Recently I’ve been writing code to spawn child processes that had to deal with the POSIX functions for querying and manipulating environment variables. I’ve only just realised how truly awful this interface is in the context of modern multi-threaded applications, and this post is simply me sharing the pain.
Many Unix, and some Windows, users will be familiar with environment variables.
These are key/value strings such as
SHELL=/bin/bash, and they
form part of the global environment provided to a process by the OS. Windows
has a similar concept, although it has a few subtle differences and in this
post I’m only discussing the situation in POSIX.
getenv() function is pretty modest - you pass in the name of an
environment variable and it returns you a pointer to the value. Simple enough,
but immediately the spidey sense starts tingling. The function returns a
char* instead of a
const char* for one thing, but “the application shall
ensure that it does not modify the string pointed to by the
function”. Well, OK, perhaps they didn’t have
const in the days this function
was written. They also presumably hadn’t heard of thread-safety or re-entrancy,
because anything that returns a static pointer pretty clearly does neither.
setenv() function is also fairly simple - you pass in a new variable
name and value, and a flag indicating whether you’re happy for the assignment
to overwrite any previous value. But the man page talks about this function
modifying the contents of
environ - oh yes, let’s talk about that first…
You’ll notice neither of the functions so far has given a way to iterate through
all the current environment variables that are set. It turns out that the only
POSIX-supported way to do this is use the global
environ variable provided by
the library. This is similar to
argv that’s passed into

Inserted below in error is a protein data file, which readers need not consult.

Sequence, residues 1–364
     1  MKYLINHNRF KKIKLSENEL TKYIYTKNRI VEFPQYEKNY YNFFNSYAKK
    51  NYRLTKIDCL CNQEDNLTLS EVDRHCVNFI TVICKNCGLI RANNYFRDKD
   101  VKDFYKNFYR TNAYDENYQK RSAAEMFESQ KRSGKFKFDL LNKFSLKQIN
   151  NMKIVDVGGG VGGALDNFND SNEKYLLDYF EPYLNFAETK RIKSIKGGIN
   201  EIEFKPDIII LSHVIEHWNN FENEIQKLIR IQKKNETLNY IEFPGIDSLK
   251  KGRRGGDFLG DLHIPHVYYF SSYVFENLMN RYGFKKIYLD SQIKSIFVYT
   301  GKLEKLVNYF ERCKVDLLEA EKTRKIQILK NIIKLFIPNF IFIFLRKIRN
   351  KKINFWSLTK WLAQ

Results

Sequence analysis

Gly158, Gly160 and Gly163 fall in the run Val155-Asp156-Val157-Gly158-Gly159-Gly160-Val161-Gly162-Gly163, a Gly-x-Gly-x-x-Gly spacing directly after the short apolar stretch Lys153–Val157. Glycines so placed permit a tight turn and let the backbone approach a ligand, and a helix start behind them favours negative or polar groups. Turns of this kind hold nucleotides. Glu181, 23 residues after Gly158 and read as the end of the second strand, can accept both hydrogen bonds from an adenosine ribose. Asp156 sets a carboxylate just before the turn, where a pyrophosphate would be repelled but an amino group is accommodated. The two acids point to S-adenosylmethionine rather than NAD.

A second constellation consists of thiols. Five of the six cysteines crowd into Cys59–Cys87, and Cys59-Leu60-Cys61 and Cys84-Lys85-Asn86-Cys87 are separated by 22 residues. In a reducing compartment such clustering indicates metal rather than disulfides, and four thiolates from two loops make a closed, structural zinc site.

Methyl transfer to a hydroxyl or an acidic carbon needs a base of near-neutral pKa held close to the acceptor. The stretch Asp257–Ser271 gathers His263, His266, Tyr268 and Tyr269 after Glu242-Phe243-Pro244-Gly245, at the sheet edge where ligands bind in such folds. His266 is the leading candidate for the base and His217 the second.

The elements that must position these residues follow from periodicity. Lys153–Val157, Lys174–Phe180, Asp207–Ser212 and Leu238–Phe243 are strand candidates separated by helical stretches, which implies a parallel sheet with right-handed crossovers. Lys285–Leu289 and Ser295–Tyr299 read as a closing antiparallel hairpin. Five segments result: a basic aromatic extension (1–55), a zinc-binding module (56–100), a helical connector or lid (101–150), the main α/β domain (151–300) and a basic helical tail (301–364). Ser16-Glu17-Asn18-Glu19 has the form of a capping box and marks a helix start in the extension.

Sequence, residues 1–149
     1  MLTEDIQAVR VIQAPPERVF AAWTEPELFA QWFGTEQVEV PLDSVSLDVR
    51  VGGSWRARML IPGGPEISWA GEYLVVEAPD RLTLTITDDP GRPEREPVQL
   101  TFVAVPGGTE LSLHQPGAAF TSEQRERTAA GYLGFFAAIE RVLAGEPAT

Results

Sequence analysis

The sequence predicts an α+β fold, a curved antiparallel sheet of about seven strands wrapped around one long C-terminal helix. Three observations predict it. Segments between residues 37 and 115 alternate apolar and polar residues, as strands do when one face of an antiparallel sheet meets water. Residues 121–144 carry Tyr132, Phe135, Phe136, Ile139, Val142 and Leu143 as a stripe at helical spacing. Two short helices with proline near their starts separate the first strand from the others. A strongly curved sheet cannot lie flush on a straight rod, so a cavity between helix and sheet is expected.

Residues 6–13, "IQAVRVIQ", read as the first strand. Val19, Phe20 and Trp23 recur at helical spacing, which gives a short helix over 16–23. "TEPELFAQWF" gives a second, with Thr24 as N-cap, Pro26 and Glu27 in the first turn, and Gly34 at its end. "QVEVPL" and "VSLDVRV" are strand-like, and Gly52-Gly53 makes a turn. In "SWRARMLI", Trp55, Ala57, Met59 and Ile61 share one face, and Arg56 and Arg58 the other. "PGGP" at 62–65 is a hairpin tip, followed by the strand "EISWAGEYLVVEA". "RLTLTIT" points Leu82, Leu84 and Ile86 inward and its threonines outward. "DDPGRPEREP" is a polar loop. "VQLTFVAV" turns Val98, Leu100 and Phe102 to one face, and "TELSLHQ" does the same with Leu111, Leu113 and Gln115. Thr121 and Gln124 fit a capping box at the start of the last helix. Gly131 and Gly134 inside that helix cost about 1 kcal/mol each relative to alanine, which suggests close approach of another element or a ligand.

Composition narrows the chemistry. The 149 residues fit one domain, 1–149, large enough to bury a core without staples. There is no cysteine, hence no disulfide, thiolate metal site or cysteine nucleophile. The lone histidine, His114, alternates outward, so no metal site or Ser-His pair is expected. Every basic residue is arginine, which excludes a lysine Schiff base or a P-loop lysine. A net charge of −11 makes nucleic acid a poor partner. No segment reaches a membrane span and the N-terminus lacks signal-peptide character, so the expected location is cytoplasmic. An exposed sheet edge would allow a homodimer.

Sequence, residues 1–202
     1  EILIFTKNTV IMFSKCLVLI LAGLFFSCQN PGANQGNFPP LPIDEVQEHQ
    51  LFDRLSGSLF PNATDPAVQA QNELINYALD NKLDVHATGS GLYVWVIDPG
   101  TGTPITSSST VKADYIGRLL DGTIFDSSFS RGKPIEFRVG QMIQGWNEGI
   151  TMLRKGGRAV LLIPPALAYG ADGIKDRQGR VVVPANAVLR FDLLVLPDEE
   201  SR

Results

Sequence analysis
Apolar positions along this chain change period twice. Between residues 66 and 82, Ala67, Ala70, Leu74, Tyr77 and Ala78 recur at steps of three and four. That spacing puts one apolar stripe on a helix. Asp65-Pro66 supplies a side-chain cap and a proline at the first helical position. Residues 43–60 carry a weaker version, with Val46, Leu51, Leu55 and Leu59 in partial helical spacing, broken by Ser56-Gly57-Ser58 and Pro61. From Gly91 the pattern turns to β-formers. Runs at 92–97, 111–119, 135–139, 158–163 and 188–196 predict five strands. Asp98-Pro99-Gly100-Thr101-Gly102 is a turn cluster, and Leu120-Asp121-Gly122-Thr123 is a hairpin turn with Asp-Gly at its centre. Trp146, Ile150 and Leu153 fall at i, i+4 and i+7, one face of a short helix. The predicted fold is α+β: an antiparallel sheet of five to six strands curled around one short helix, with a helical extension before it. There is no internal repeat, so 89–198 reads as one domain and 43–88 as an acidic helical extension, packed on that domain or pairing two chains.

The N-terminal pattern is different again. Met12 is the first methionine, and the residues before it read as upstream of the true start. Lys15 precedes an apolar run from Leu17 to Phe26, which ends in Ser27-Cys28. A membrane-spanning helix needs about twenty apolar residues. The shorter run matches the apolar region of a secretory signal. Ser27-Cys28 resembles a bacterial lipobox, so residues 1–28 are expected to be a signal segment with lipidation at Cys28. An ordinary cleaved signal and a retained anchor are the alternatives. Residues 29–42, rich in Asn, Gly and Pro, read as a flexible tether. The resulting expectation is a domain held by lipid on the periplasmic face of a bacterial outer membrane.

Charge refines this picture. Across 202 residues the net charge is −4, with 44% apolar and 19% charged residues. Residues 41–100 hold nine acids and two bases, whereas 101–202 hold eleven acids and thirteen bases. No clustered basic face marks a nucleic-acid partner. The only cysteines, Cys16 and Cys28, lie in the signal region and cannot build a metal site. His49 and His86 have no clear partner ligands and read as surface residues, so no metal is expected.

main() except that
instead of an
argc equivalent, the
environ array is null-terminated. Things
start to smell a little fishy when you realise that
environ isn’t actually
declared in any header files - the application itself has to include something
like this, as taken from the POSIX page on environment variables.
extern char** environ;
OK, so just like
argv there’s some OS-supplied storage that contains the
environment. It’s not
const, but hey ho, neither is
argv and we seem
to cope fine with just not modifying that directly. Except that the key
point here is that
setenv() does modify
environ - the man page even
explicitly states that’s how it works. Unlike
argv, therefore, you can’t just
treat it as some effectively some read-only constant1 array
and quietly ignore the fact that the compiler won’t stop you modifying it.
It gets even more crazy when you realise that, according to
the man page for the exec family, it’s quite valid to replace
your entire environment by assigning a whole new value to
read that correctly - not updating the pointers within
repointing the whole thing at your own allocated memory.
So then, when
setenv() comes along and wants to modify this, how on earth
can it do so? It has no idea how big an array you’ve allocated in your own
code - it either has to copy the whole lot to somewhere provided by the
system, or cross its fingers and hope there’s enough space.
And don’t even get me started on the memory management Pandora’s Box that
In summary, therefore, I’ve decided that the only sensible course of action
is to use environment variables as little as possible. If you must use them
as opposed to command-line arguments, you should parse them away right at
the beginning of
main() and put them into other storage within your code,
never worrying about the environment again. If you’re writing a library…
Well, good luck with that - let’s hope your application doesn’t mess around
with the environment too badly before you want to query it. Whatever you
do, don’t update it!
It’s quite possible to work around all this brokenness, of course, as long as you can make some basic assumptions of sanity about your libraries. But it’s all just such a dirty little mess in the otherwise mostly sensible tidiness that POSIX has imposed on the various APIs that exist.
Surely there’s got to be a more sensible way to control the behaviour of applications and libraries? For example, we could have some sort of system-wide database of key/value pairs - unlike the environment it could be lovely and clean and type-safe, and all properly namespaced too. For performance reasons we could stick it in some almost unparseable binary blob. There’s no way such a system could be abused by applications, right? It would remain clean and usable, I’m sure. Now all we need is a snappy name for it - something that indicates the way that values can be registered with it. Perhaps, The Register? No, people will confuse it with the online tech site. What about The Repository? Hm, confusing with source control. I dunno, I’ll think about it some more.
Yes, I’m aware there are some use-cases for modifying
argv too, but I class those as unusual cases, and they also tend to be quite system-specific (assuming you want to resize the strings in the process). ↩